From its stomping opening credits and all-star cast to the pithy one-liners and slamming disco-infused soundtrack, Mrs. America is a slick and spirited delight. The nine-part series charts the thorny battle during the 1970s to pass the Equal Rights Amendment (ERA) to the US Constitution, introducing us to the second-wave feminists fighting for progress and the socially mobilised Christian conservative housewives trying to stop them. Co-created by one of Mad Men’s writers, it’s aesthetically stunning and sparkling with standout performances from Cate Blanchett, Uzo Aduba, Sarah Paulson, Tracey Ullman and Niecy Nash. By the end of the series we’ve learned far more about key figures in the women’s liberation movement (and their opponents) than we do in most mainstream retellings.
Though sometimes veering into the territory of pitching women against women, this is far from a two-party battle: as episode nine draws to a close we see how, in devastating and subtle ways, the betrayal ultimately comes from the men in power. As Rose Byrne’s Gloria Steinem says: “They finally found a smokescreen for their own chauvinism: women.” Steinem herself has called the show’s representation of the fight “hopelessly wrong” (Mrs. America’s makers didn’t consult the real individuals involved but exercised artistic licence to depict private conversations and relationships) but we do learn a lot from the ERA’s timeline, some of which is eerily relevant today. Whether it’s the sidelining of Black voices by white feminists in the movement, the tension between domesticity, motherhood, independence and work on both sides of the political spectrum, or the Christian family values-fuelled ideology that led to masses of right-wing white women voting for Donald Trump 40 years later, as co-creator Dahvi Waller says, the show serves “as an origin story of today’s culture wars – you can draw a direct line from 1970 to today … and really understand how we became such a divided nation.”
Politics aside, Mrs. America is worth a watch for the clothes alone. Of course the outfits shouldn’t overshadow the women and their work but each character’s personal style has something to reveal, as sartorial choices are made to reflect – or detract from – their political stance and social standing. It isn’t as clear-cut as groovy vs prim, though; we see women on both sides of the divide dieting, dyeing their hair and applying makeup, proving that women feel the pressure of the patriarchy and use aesthetics as a tool of self-expression regardless of their political agenda.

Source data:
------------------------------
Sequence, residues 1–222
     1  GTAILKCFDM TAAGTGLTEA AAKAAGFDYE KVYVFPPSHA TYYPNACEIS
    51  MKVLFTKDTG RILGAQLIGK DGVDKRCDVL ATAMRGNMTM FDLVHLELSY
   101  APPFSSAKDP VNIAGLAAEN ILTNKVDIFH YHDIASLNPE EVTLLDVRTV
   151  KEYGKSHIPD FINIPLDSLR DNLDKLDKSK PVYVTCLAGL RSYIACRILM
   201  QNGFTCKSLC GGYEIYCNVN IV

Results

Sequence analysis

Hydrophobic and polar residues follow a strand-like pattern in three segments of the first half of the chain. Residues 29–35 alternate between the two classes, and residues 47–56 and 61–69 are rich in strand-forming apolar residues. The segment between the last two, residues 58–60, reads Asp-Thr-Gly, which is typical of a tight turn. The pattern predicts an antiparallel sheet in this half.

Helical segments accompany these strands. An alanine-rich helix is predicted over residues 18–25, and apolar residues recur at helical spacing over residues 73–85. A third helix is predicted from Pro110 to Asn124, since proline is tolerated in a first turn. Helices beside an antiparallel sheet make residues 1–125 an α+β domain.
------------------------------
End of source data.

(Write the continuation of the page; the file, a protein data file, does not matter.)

As the series covers the entirety of the 1970s, costume designer Bina Daigeler highlighted the women’s evolving style, from Phyllis Schlafly’s stuck-in-the-’50s pastel skirt suits and Bella Abzug’s eclectic collection of hats to Gloria Steinem’s statement specs and Flo Kennedy’s penchant for a cowboy hat. Here’s how the style and substance of Mrs. America overlap and intersect – providing some sublime ’70s outfit inspiration along the way.
Gloria Steinem’s image is one of the reasons she’s the most famous of the second-wave feminists. The pioneer’s model looks drew attention from all corners: men pitched her as the most ‘appealing’ of the feminists while women at once encouraged her to be the face of campaigns to further the cause and criticised her prettiness for overshadowing the movement’s message. It wasn’t just her appearance that aligned her with Hollywood stars of the time, though: always wearing her long centre-parted hair tucked into her XXL aviator glasses, she had a penchant for Lauren Hutton-style silk jumpsuits and Ali MacGraw-esque turtlenecks which made her the cool, young face of women’s liberation. Often seen in miniskirts, form-fitting flared jeans and psychedelic printed shirts, Steinem’s bohemian style not only lent a contemporary cool to the movement but also reflected a new liberal frontier for women: whether it was the choice to have an abortion or don a thigh-high hemline, what a woman chose to do with her body was none of your business.
Steinem’s style epitomises the strand of ‘70s fashion that still enchants designers today. From Chloé to Hedi Slimane’s Celine, season after season the catwalks are flooded with sartorial cues from the decade, as seen on Steinem in the show. Sourcing both current-season designer and vintage pieces – shearling coats, oversized sunnies, silk scarves, autumnal hues and platform shoes – to style the characters, Daigeler conceded: “I had much more fun with all the feminists.”
Daigeler said she used colour first of all to create a contrast between the anti-ERA housewives’ aesthetic and the groovy garms of the feminists: “Phyllis and the antis are all in these pastels,” she told W Magazine. Taking inspiration from 1960s ads, where women were “wanting to look pretty for when [their] husband came home,” Cate Blanchett’s Schlafly is all duck egg blue blouses, mint green bouclé jackets and semolina yellow circle skirts. Her ice-cold restraint (she reins in public scenes caused by Sara Paulson’s Alice Macray, bites her tongue when men make offensive jokes in her presence and never loses face, even at home) is reflected in her suffocating attention to detail: no button is left undone, no hemline slips above the knee, no hair is out of place.